A Trusted Ally For The Injured

How to evaluate assisted living or nursing care placement

On Behalf of | Jun 6, 2019 | Nursing Home Injuries |

One of the hardest decisions made by adult children is to place a beloved parent in a care facility. Those who have Alzheimer’s or dementia will need the addition of security features to prevent them from wandering away from the property. Assisted living facilities, also called ALFs, originated as a transitional step between an elders home and a nursing care facility.

With the burgeoning population of baby boomers reaching retirement age and beyond, ALFs have become the placement of choice. They are less expensive than a medically equipped nursing care treatment facility, yet unethical owners accept many residents who need higher care levels than an ALF can provide.

ALF and nursing home violations often result from poor staff-to-patient ratios. Injuries are common in elders left for long periods alone. Shift workers report frustration due to the lack of coverage needed. Some observe complete shift gaps where elders are alone in the facility over an hour or more; the total lack of coverage is dangerous for residents.

State inspections and violations

Many states do an excellent job of regulating their elder population’s living options; unfortunately, too many states schedule infrequent official inspections. ALF inspections in Illinois happen once every five years. Many states conduct inspections several times a year.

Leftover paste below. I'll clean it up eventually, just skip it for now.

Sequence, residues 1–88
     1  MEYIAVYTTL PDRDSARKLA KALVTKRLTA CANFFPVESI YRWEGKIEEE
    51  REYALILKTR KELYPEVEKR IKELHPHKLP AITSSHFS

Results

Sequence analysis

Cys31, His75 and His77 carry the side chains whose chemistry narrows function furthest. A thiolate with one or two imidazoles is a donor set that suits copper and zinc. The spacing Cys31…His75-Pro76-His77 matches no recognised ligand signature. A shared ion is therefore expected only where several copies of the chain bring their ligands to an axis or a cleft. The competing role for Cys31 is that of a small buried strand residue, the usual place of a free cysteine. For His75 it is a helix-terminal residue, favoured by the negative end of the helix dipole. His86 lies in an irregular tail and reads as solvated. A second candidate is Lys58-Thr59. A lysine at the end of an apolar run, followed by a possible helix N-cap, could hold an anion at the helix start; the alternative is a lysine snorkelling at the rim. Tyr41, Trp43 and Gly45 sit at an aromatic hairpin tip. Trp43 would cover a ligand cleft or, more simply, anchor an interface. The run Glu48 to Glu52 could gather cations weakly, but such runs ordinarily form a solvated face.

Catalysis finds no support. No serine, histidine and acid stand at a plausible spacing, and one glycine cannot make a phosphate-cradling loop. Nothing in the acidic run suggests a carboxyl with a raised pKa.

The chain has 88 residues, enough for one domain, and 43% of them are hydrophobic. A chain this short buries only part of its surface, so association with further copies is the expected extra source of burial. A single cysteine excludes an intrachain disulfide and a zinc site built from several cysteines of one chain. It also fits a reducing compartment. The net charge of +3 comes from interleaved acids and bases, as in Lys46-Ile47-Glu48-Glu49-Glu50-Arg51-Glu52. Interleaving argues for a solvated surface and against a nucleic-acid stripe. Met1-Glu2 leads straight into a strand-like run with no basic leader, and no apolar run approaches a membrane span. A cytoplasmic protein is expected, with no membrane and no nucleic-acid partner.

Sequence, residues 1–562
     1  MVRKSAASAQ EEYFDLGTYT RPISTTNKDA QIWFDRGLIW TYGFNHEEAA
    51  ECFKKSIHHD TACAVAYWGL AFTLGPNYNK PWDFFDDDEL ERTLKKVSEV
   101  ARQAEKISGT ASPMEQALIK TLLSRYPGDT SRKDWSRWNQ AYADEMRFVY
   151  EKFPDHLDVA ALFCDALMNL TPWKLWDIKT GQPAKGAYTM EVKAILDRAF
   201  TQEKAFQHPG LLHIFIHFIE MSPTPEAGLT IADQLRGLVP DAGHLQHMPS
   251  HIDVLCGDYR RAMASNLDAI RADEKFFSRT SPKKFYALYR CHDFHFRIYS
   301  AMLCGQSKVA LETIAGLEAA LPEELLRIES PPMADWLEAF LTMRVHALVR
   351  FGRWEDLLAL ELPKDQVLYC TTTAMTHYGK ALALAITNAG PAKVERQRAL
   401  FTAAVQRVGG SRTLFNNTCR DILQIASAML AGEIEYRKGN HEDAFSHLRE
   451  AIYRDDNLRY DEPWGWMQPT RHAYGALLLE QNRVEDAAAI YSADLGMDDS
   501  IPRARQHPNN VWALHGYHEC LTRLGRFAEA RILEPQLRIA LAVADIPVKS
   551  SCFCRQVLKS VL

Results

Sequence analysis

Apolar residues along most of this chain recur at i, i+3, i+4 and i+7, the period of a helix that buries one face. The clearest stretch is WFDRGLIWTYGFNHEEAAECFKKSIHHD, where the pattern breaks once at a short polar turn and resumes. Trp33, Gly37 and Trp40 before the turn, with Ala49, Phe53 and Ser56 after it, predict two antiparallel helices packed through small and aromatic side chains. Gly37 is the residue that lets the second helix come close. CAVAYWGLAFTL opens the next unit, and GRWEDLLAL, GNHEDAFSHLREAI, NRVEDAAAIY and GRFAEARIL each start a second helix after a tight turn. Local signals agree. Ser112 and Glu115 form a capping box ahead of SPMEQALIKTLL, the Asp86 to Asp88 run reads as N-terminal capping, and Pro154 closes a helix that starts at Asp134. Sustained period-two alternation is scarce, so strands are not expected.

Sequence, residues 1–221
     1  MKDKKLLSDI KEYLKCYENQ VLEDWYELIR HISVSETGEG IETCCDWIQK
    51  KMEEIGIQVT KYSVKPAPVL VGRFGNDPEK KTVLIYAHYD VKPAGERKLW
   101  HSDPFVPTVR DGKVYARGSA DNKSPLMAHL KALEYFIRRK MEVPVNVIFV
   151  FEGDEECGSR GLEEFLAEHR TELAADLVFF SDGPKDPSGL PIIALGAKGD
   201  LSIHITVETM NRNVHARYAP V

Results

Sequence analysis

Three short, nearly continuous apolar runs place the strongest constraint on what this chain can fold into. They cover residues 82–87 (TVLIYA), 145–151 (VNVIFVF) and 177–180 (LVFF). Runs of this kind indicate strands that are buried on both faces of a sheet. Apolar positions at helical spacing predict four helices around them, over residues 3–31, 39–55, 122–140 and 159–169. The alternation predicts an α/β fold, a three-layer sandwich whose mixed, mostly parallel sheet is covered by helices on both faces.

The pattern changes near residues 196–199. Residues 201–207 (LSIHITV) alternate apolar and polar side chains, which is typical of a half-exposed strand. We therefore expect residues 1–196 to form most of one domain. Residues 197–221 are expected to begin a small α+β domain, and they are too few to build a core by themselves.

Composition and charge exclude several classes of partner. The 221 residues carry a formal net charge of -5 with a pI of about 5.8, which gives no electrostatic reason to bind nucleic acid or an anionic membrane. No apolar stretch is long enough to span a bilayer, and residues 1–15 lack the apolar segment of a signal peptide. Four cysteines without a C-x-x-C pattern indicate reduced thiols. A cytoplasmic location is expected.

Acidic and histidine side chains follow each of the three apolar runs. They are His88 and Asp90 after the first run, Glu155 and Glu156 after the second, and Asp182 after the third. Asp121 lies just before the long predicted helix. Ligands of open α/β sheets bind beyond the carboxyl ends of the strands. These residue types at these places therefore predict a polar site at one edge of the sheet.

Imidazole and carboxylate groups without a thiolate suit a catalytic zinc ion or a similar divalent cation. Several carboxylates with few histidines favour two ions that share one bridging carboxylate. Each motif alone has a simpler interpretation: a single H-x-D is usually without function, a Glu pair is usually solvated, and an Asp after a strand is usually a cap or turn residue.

Nursing homes, because of their government funding, are generally more transparent. It is useful for an Illinois family considering a nursing home placement to scan an online list of Illinois nursing home violations. The easiest way to make an evaluation is to watch for nursing home facility names (or parent organizations that own them) that appear frequently; the fine amounts are also a clue that the facility did not implement the state-ordered improvements from a prior inspection.

Personal inspections

Adult children considering the placement of parents in ALFs or nursing homes should visit a prospective facility at various times of the day and night, noting the ratio of staff to patients, the cleanliness of the facility, any odors indicating lack of care, and whether residents who appear physically unstable are ambulating without walkers or canes. Many injuries occur due to preventable falls.

If a family member notices bedsores, soiled clothing, bruising or other signs of falls, broken bones, breathing difficulties, no walker or call device within reach, lacerations, emaciation, fear on the part of the resident when touched, or other signs of neglect or abusive treatment, a family may want to file an immediate complaint against the facility with the state of Illinois.

Families should check nearby hospitals and ambulance facilities to see if their relative has had recent treatment; some state laws do not require facilities to notify family members when a loved one receives urgent care. Depending on the condition of their parent, adult children may want to rehome their loved one immediately and obtain professional help in seeking personal injury compensation against the facility.